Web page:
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Hello good people,

I found your wonderful site the other day and i just had a technical question.
This has been bugging me for a while now and i haven't managed to fix it by any means. I have an electroacoustic guitar ( pretty cheap one i might add). My problem is that certain strings ( the B, G, and A strings ) sound too sharp (sometimes even 15-20 cent sharp) when i play them all across the neck, even though the open strings are in tune. I have done the following to try and fix it:
-changed string gauge
-filed down original non-compensated saddle
-tightened truss rod
-filed the nut slots so that they are at an angle
-filed down compensated saddle

NOTHING WORKED!!! The frets don't seem to have a problem, the action is really good now and the strings are 0.11 strings if that helps. And what's even stranger is that when i adjusted the nut slots everything seemed almost perfect after..but a few hours later THE PROBLEM WAS BACK ...So PLEASE PLEASE tell me what i could do to fix this. I don't even feel like playing guitar anymore because of this.

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the Guitar is a equal temperament instrument look it up anyway same problem here I asked Frank he told me some company's are moving the nut closer to the frets by .030 sometimes and to use the Buzz F tuning system uh I guess this is effecting other people with perfect pitch I don't so I have a Harder time distinguishing it but I had a Customer the other day say to me his piano player says to sharp like a half step sharp so I strobe d it and sure enough when it was in tune and intonation at the 12 th and the 19th fret then was playing 10th cents sharp ? when playing in the second position playing an A or an F# was almost G second fret position so I asked him are you capoing up he says yes I asked where he says at the second position so I told him to Capo at the first instead of the second fret .so I am sorry I don't have the Answer But Dont Give Up Guitar Maby get into Synth Guitars instead and Go wild ? or maby just maby the nut can be filed .to enable a lighter touch on the string .but sometimes as a Luthier we are at the mercy of the Builder and what there design is a Key note (cheap guitar) and not completely planed and executed by one person although I could be wrong just an opinion
I use 11's on my guitar. I had a problem getting in tone, instead fo tuning it at 440 hz. I went down to 336hz. believe it or not string tension has a lot to do with intonation. I am regarding to a Gibson Melody Maker (08). It depends on the scale of your guitar as well as the manufacturers poundage of string required. You can usually find this on the back of the string pack.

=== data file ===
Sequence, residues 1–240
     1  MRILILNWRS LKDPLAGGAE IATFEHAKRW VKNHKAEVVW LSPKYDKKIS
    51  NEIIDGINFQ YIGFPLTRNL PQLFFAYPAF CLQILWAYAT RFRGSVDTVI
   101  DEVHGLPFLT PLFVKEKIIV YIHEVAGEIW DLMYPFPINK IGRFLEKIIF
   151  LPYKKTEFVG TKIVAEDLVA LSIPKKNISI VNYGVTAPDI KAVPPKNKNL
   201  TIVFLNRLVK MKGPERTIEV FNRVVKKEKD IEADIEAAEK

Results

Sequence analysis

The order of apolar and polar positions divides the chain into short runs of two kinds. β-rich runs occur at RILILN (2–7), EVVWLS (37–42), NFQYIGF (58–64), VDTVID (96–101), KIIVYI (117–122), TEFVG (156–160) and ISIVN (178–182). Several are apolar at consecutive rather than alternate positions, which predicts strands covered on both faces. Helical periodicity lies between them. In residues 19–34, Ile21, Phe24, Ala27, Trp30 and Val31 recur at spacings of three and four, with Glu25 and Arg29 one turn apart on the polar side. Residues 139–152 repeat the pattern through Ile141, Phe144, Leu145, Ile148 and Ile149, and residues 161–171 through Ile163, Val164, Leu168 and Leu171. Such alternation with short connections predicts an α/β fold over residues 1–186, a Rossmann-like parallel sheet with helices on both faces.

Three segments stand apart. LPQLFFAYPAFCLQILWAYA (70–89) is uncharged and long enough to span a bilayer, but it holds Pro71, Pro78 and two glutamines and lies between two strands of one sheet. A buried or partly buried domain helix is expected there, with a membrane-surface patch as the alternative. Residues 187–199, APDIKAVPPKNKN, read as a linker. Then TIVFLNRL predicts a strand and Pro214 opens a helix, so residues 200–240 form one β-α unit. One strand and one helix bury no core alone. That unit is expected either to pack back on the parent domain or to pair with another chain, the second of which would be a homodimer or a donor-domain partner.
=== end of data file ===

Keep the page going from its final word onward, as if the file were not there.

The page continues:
You mentioned that the frets seemed okay, have you set a straight edge across the length of the neck? If not buy a 18" ruler
(make it two) set it on top of your frets mark it, then notch the ruler. This allows you to make sure that the neck is dead on. Once you have checked that, you want to check your frets with the un-notched ruler, this is relatively easy work.

By what I see behind you in the picture you have a lot of maintenance work going on constantly. No two guitars are the same, even if they are made by the same manufacturer. I hope this will help you with the intonation problem as well as any thing else that will arise. good Luck, Jim
Basically it's in the nature of fretted instruments. You have to reach the best tempered compromise you can. Strings tuned to pitch open will never match precisely at all the frets. It's the nature of the beast. I suspect someone more steeped in the musical reasons for this will chime in.
Apparently then strings E, D, and E are fine. If that is the case the saddle needs to be compensated on the strings that are sharp. You would need to carve the saddle so the strings break from the rear of the saddle.

Intonation is checked at the 12th fret. With an electronic tuner tune string to pitch, Now fret it at the 12th fret, it should be the same, if the intonation is correct. If it's flat you need to move the string to the front edge of saddle, if it's sharp it's needs moving back.
You can also check intonation by ear. Play the harmonic at the 12th fret, now fret it at the 12th fret and see if it's the same as the harmonic.
If the intonation cannot be corrected at the saddle then either the saddle slot needs to be moved on the bridge, if possible, or the bridge needs to be moved.
You need to realize that guitar intonation is very seldom perfect everywhere on the fingerboard, but it's close enough that it's normally not a problem.

Also, if your saddle and or bridge was misplaced when the guitar was constructed, all the strings should be sharp(in your case) or they could all be flat if the bridge/ saddle was placed too far back on the top.

Jim
Hey Ziggy , thre's something simple that a lot of people don't know, you need to stretch your strings, tune it up then pull up on each string about 3/4" off the board , let it go and stretch again do it a few times on each string and they will stop stretching and stay tuned .This may not be your problem but its worth knowing. Also if you hold a string down between2dd &3rd fret it should be so close to touching the first fret that u cant tell without tapping it , otherwise your first few frets will sound sharp.It's buyer beware on cheap guitars, Len

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